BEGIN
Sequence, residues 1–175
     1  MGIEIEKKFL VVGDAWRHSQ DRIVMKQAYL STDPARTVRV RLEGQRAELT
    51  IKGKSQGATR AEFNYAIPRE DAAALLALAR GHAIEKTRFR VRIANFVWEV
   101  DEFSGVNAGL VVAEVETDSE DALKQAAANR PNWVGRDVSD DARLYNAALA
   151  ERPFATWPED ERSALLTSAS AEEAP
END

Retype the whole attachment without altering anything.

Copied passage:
Sequence, residues 1–175
     1  MGIEIEKKFL VVGDAWRHSQ DRIVMKQAYL STDPARTVRV RLEGQRAELT
    51  IKGKSQGATR AEFNYAIPRE DAAALLALAR GHAIEKTRFR VRIANFVWEV
   101  DEFSGVNAGL VVAEVETDSE DALKQAAANR PNWVGRDVSD DARLYNAALA
   151  ERPFATWPED ERSALLTSAS AEEAP